Now It's The UK's Turn For Some Bogus Piracy Stats

from the fun-with-numbers dept

There are plenty of instances of misleading and otherwise bad stats being used by anti-piracy groups, like the recent BSA numbers from Canada that were basically made up. Now, a group from the UK is saying that piracy costs that country's economy tens of billions of pounds. It makes the same mistake as plenty of other studies before it: counting every instance of piracy, or perhaps even just the availability of copyrighted material on file-sharing networks, as a lost sale. It's fallacious to assume that every single person that downloads a piece of content, or simply has access to it for free, would pay for it if the free version wasn't available. Furthermore, any study like this that says an entire economy is being harmed by X amount of money because of piracy is pretty much bogus. This money that's supposedly being lost because of piracy isn't being lost by the economy, as undoubtedly it's being spent elsewhere. It's not being flushed down the toilet or turned into ether, it's just not ending up in content companies' bank accounts.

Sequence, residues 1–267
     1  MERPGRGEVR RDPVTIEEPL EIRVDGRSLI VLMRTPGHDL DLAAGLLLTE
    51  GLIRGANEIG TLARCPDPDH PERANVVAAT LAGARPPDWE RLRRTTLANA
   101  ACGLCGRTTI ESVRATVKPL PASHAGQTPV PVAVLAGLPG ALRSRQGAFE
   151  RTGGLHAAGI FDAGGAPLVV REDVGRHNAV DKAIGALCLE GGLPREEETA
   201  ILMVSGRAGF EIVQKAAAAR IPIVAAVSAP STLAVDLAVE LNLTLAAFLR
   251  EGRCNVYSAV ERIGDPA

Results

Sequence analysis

Filed Under: piracy, stats, uk


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  1. icon
    DanC (profile), 1 Jun 2009 @ 2:43pm

    Re:

    And who defines the "bigness" of the problem?

    Usually, it's the industry mounting the PR campaign and whining about their "massive" losses, because they have more lobbyists on their payroll.

    No, by leaving out that part, Techdirt doesn't give the full picture.

    As I stated, Techdirt is making the point that it is possible to benefit from the proliferation caused by piracy. It doesn't need to provide counter figures to the BSA's stats in order to do so.

    Techdirt writers are well-known for very cleverly leaving out vital information in their posts.

    It wasn't vital, since that wasn't the point the article was trying to get across.

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